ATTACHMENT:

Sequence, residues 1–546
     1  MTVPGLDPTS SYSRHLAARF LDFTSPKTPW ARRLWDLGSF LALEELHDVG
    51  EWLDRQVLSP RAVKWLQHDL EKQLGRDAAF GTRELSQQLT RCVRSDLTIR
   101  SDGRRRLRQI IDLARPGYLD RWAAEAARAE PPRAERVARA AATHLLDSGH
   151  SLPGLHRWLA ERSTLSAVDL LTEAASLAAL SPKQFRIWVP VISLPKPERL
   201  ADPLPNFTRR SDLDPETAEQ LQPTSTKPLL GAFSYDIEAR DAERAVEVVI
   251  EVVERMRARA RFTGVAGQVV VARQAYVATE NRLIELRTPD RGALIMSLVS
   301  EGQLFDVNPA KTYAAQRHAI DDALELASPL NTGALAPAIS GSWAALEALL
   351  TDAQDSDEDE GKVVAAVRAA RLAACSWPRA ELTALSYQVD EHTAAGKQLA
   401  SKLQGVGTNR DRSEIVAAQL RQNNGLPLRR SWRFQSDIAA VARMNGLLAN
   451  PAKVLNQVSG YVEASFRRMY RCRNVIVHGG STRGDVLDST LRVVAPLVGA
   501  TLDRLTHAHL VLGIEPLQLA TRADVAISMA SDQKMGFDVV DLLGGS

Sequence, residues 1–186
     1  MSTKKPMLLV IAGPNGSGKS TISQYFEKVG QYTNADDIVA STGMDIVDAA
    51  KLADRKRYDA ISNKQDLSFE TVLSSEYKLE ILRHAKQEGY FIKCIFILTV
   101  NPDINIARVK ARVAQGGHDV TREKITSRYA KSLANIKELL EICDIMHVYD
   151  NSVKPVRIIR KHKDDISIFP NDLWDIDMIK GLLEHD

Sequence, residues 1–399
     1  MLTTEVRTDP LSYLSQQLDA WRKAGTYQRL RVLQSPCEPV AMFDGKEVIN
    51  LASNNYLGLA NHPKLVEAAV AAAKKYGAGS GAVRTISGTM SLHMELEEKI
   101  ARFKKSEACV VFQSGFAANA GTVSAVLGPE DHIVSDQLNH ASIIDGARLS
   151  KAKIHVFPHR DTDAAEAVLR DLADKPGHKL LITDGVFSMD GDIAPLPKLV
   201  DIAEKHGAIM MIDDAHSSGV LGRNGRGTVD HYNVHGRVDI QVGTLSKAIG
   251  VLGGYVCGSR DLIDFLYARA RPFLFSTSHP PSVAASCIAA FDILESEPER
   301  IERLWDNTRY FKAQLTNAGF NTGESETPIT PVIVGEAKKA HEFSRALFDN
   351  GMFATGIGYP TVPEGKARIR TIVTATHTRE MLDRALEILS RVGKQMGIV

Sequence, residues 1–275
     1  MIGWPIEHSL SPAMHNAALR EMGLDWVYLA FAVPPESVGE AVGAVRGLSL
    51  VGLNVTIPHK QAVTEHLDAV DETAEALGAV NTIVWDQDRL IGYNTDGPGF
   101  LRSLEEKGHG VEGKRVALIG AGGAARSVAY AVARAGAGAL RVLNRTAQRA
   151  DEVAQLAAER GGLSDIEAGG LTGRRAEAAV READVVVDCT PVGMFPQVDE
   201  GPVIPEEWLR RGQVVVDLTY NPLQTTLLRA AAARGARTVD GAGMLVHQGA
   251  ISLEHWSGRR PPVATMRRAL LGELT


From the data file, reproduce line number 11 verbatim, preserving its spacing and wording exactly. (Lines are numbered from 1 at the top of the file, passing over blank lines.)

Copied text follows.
   451  PAKVLNQVSG YVEASFRRMY RCRNVIVHGG STRGDVLDST LRVVAPLVGA